Digital Supply Chain: Hype, Confusion, and Reality

It’s safe to say that the pace of change in supply chain management, especially from a technology standpoint, has continued to accelerate. Everybody seems to be talking about the digital supply chain these days, but what exactly does that mean? Why is it important? What are some of the key capabilities companies need, not only to keep pace with this change, but also to find new avenues for growth and differentiation?

Those were some of the questions I discussed with Andrew Clarke, CFO at C.H. Robinson, in a recent episode of Talking Logistics.

Digital Transformation of Supply Chains is Taking Hold

“There’s hype, there’s confusion, but there’s also reality,” said Clarke in characterizing the state of the market today. “The reality is that [digital transformation of supply chains] is taking hold.”

“We’re still in the early innings of this digital revolution,” he added, and the business-to-business (B2B) world is still catching up with what we’re experiencing in the consumer realm.

“The shipper and carrier sides of the market are very fragmented,” Clarke said. “There are millions of shippers out there and it’s becoming increasingly important for them to get access to information about their supply chains, which they don’t have today and they don’t have the resources to build themselves. That’s why you have cloud-based services, software-as-a-service, and platform-as-a-service solutions that are cropping up every day to make this more of a reality. I believe the technology that you and I embrace as consumers will eventually bleed into the B2B world, but I don’t think we’re as far along as maybe the news stories might suggest.”

Perspectives on Machine Learning, Autonomous Vehicles, and Blockchain

Clarke shared his perspective on some of the technologies making the headlines today, including machine learning, autonomous vehicles, and blockchain.

“With some of these technologies, people might over-emphasize the impact they are having today and under-emphasize the impact they will have 5 years from now,” Clarke said. “In this environment, and in our business, timing does matter. You can certainly be way too early to it and be the first to storm the beach, and quite frankly, you can also be too late to it. So, we spend a lot of time analyzing these trends [to make the right investments at the right time].”

Here are some excerpts of his comments…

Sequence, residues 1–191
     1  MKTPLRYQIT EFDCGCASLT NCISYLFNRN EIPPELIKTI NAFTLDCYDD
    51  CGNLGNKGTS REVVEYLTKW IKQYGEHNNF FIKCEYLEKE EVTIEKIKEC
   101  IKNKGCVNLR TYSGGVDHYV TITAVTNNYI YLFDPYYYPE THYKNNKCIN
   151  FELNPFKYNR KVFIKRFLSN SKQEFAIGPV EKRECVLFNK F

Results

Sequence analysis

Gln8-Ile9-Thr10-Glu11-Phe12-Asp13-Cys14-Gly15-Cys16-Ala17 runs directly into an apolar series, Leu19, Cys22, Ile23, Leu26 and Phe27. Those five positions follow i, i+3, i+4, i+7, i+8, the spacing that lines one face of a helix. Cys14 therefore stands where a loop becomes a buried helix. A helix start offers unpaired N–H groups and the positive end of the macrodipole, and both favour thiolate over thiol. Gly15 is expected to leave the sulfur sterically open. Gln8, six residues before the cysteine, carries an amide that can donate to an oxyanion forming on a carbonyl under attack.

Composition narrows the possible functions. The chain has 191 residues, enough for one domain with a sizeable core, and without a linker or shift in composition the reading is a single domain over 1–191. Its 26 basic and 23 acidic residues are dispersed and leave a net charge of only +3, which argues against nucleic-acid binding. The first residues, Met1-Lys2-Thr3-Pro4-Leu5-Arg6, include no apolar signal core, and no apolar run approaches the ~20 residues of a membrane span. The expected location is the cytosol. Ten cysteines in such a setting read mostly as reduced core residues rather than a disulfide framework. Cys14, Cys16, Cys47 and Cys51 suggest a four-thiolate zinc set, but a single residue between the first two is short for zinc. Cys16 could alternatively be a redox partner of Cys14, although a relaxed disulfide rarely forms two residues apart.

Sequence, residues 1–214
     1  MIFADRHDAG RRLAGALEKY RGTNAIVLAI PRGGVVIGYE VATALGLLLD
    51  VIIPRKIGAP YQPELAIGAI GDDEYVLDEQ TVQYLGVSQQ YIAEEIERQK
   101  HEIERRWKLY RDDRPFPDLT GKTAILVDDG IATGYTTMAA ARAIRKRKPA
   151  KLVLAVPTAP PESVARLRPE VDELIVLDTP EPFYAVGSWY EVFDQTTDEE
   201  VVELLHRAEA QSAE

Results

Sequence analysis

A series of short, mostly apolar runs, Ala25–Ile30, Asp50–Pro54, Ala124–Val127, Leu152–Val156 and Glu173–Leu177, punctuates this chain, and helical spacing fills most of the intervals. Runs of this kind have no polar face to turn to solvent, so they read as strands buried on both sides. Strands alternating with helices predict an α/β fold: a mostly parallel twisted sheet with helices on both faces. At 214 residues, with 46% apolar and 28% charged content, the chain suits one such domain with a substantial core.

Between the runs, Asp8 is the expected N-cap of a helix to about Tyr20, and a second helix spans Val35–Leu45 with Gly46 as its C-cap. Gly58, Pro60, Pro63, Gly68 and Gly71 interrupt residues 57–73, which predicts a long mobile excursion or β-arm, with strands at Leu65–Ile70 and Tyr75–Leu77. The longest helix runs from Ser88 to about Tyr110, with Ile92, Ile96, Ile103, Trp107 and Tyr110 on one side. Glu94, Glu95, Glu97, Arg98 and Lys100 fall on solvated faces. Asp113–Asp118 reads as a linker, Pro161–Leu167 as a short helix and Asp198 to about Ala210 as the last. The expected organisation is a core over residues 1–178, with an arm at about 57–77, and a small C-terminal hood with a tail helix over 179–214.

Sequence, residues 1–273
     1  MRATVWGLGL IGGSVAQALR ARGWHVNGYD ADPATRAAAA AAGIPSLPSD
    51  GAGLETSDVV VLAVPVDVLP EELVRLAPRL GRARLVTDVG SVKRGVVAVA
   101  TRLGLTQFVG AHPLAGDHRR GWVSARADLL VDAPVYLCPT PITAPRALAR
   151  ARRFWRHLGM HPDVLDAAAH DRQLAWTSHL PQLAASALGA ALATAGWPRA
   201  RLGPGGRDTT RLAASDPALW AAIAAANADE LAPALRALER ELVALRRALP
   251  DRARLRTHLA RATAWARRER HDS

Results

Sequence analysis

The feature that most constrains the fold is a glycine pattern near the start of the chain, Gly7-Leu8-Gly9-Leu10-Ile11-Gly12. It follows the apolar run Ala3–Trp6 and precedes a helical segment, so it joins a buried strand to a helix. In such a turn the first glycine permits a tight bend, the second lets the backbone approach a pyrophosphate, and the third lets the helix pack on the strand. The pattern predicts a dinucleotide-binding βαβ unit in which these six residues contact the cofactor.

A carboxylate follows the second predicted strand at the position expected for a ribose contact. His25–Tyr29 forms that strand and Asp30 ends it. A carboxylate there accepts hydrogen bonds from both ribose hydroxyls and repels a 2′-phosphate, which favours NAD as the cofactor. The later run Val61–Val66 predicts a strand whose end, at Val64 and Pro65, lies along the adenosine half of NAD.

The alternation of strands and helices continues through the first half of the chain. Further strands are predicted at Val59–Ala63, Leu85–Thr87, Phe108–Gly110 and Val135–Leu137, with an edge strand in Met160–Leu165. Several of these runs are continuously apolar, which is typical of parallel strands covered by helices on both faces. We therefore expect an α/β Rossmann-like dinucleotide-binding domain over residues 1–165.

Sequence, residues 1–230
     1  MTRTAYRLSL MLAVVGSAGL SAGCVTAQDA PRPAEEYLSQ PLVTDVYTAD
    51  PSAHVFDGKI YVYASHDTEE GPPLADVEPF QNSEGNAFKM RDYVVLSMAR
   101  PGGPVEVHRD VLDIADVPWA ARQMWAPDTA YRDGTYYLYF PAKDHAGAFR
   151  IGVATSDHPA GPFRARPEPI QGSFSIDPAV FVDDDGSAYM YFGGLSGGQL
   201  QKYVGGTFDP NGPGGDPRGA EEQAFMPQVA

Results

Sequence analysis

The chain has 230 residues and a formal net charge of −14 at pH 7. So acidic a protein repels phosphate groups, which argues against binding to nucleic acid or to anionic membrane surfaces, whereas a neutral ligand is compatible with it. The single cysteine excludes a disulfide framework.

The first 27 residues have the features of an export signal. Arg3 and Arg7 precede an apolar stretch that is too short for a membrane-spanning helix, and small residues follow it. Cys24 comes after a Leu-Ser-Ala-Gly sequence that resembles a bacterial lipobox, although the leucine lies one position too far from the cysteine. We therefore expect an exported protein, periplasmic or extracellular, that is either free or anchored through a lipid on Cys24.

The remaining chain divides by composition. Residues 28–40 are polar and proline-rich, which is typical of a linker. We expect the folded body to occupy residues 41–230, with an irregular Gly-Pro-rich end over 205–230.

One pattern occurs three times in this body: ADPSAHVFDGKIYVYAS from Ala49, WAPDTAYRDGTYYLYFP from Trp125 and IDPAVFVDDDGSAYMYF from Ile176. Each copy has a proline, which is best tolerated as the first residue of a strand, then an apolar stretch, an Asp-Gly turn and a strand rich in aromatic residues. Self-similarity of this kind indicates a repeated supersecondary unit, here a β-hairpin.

On machine learning: “From our perspective, it’s still very nascent…We have a group of data scientists in our organization and they do a wonderful job of programming and helping our operators and leaders make better decisions, but [the machines] are not making the decisions for them. It’s machine and human aided, which we believe will be the successful strategy in this area.”

On autonomous vehicles: “A group of us were out in Silicon Valley listening to a presentation by a company that is mapping the U.S. surface transportation network to achieve 2 centimeters of tolerance at 80 mph…The gap between [what you get today with Google Maps] and mapping to 2 cm of tolerance at 80 mph is huge, and that’s what Level 5 autonomy requires. Will we get there? Absolutely. Will it take a long time? Will people spend billions of dollars to get there? Yes, but it’s just not there yet in our space.”

On blockchain: “We’re doing a lot of research in that area, but it goes back to [the need to converge on a standard] and what people are going to agree to do. Putting the trust that exists between organizations into a distributed ledger makes complete sense, but the sequencing and timing of getting to that is where all of the work will get done. We’re not there yet [as an industry], but we will get there.”

Disrupt or Be Disrupted: Does It Lead to Progress or Chaos?

“Disrupt or be disrupted” has become a business mantra. I asked Andy if he subscribed to this belief. And if everybody is out there trying to disrupt everybody else, does that lead to progress or chaos in the industry?

“I’ll give you the ‘Yes, but’ answer,” Clarke responded. “I do agree with the saying, but you have to be thoughtful about it because disruption for disruption’s sake doesn’t really benefit anyone. That would just lead to chaos, as you suggest. The way we think about disruption is ‘How can we provide a better service, a better solution to customers, sooner, at a lower price?’”

Having Really Smart and Talented People Matters Too

Clarke also made the point that a lot of companies equate disruption with just technology, but people and processes are very important too.

“A huge element of providing customers with a better solution, sooner, at a lower price is people,” said Clarke. “So, what do we do? We go out and hire and develop and train really talented people. There’s 15,000 of us across the globe, to help our roughly 100,000 customers and about 80,000 providers be effective in managing their supply chains. It matters to have really smart people.”

I encourage you to watch the rest of my conversation with Andy for additional insights and advice on this topic, including his perspective on electronic logging devices and what’s required to build a strong foundation to actually succeed and get value from new technologies and processes. Then post a question or comment and keep the conversation going!

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